For us, the industry standard for building information modelling (BIM) is Revit, hands down. Ubiquitous across the board, it’s a powerful program that allows us to streamline collaboration and construction to the detail, but it really only works for people in the construction industry - think architects, structural and MEP engineers, etc. This leaves clients and anyone outside the industry unable to participate in the process of design, collaboration and creation. Not only is this inefficient and, often, a waste of time and resources, but it’s frustrating and outdated.
Imagine sending a client an .IFC file of their model, but because they don’t have Revit, they can’t open their 3D model. It’s elaborate, rigid and, we think, a little outdated. That’s why we created the Archilogic IFC Plugin PoC.
This tool gives us the agility to communicate and collaborate with clients in real time with easy and effortless interactions. For us, we think spatial data should be accessible to everyone, not just industry insiders, because when you have an open flow of communication, you’re able to create more, work better, and push further. Our POC is a way for professionals to grant access to these powerful tools for their clients. Up until now, they couldn’t show them the elaborate 3D models they had and, instead, parallel workflows. That leads to unnecessary workflows.
So we created an import & export feature for .IFC files. Transfer your Archilogic model to Revit to add technical details like piping, heating, etc. In contrast, you can also upload a Revit model to Archilogic and then send a sharable link to your client to view the model.
Currently, this technology is a Proof of Concept.
At its simplest, our plugin allows you to import Revit data to Archilogic and Archilogic data to Revit. We do this by accessing the low-level features of Revit, ensuring minimum effort from the user. To do this, we decided a C# Revit 2019 plugin would be best.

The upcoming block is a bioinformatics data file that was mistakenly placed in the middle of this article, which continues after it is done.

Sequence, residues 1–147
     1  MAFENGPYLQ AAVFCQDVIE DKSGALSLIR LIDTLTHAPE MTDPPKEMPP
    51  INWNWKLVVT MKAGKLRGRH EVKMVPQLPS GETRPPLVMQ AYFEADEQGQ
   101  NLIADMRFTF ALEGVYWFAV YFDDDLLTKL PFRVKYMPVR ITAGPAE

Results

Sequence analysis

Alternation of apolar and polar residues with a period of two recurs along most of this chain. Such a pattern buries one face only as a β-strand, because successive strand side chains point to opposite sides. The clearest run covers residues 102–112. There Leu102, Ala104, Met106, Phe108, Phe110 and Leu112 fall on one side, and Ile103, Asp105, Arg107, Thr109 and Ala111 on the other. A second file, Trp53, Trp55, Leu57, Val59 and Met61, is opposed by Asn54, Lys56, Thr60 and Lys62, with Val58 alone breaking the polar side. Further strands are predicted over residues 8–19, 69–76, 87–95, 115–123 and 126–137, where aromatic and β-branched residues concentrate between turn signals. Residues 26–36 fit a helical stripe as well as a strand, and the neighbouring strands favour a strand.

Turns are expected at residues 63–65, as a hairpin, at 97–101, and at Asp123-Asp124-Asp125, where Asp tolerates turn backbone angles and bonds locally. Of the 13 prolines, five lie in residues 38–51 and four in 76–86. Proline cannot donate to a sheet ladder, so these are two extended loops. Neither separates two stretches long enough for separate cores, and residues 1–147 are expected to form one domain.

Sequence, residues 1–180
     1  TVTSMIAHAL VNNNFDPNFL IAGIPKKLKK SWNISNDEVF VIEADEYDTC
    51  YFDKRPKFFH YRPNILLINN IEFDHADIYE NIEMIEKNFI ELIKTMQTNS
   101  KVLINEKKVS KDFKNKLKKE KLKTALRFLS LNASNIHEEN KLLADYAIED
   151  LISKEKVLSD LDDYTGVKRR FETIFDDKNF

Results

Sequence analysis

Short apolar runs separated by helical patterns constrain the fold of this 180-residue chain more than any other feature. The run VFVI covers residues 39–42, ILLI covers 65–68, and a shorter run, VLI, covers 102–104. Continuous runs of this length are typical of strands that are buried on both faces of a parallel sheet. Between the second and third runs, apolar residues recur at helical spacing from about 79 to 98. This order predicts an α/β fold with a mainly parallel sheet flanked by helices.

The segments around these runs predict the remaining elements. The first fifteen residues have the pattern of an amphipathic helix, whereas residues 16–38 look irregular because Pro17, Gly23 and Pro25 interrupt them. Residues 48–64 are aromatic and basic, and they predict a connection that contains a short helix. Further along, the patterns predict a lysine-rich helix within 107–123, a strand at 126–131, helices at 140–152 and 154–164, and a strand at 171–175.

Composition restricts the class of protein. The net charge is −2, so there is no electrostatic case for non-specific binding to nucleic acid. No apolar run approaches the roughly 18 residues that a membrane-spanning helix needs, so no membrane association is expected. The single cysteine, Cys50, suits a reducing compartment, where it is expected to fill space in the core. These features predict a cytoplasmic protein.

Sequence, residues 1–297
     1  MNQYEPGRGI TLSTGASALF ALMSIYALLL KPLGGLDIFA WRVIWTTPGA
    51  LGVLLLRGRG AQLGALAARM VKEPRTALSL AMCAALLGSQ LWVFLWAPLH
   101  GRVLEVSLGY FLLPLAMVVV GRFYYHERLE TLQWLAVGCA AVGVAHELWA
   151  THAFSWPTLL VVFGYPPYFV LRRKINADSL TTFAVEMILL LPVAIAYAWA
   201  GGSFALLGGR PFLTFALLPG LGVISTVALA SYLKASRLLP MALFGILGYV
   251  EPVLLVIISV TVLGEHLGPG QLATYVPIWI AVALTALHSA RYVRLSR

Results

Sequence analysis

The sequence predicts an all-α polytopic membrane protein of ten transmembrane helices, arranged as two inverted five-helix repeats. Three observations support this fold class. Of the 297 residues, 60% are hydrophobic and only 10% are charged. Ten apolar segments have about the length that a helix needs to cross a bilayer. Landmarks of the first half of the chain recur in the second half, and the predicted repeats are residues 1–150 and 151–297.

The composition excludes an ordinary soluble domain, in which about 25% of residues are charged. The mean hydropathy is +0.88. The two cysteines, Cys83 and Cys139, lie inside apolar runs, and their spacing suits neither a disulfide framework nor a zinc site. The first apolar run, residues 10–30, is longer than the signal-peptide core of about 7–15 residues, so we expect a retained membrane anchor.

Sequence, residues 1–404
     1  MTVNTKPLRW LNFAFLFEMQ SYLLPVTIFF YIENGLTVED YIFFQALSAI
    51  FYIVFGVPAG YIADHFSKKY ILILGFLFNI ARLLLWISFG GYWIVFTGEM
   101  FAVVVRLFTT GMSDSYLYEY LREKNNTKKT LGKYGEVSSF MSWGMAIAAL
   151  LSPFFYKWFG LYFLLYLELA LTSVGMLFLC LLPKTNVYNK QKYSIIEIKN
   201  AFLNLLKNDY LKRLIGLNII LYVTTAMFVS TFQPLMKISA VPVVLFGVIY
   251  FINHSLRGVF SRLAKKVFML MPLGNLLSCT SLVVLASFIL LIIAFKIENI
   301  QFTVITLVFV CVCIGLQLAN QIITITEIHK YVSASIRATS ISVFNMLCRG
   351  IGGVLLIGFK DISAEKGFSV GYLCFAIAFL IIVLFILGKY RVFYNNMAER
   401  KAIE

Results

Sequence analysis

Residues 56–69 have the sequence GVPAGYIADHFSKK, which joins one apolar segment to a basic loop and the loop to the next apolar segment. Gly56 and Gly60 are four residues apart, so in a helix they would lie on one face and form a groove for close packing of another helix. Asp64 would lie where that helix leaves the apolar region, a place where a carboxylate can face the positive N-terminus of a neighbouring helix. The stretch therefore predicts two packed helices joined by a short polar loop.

When developing the exporting strategy, we had to take into consideration that Revit is a proprietary database. In response, we perform the basic queries to fetch the data we need, like: walls, floors, interiors, columns, kitchens, closets, and stairs. We then process the data from Revit to match the Archilogic format, transforming the reference point changes, unit conversions, and rotation consolidation. We then encode that data into the Archilogic JSON structure.
When Importing, we focused our attention on only importing Archilogic furniture elements to the Revit model. This process includes fetching scene data from Archilogic, parsing the JSON data to look for assets, loading Revit with standard furniture families; and then fetching asset metadata from Archilogic, like size, name and category. Next, we create the asset by configuring the corresponding Revit furniture family to match the Archilogic asset size (width, height, length). If a standard can’t be found, a generic cube that matches the size is populated.
At this point, this plugin is still in development, but we understand the potential of what it can and cannot do; and we think it could potentially create a far better end-to-end experience for our users. What do you think?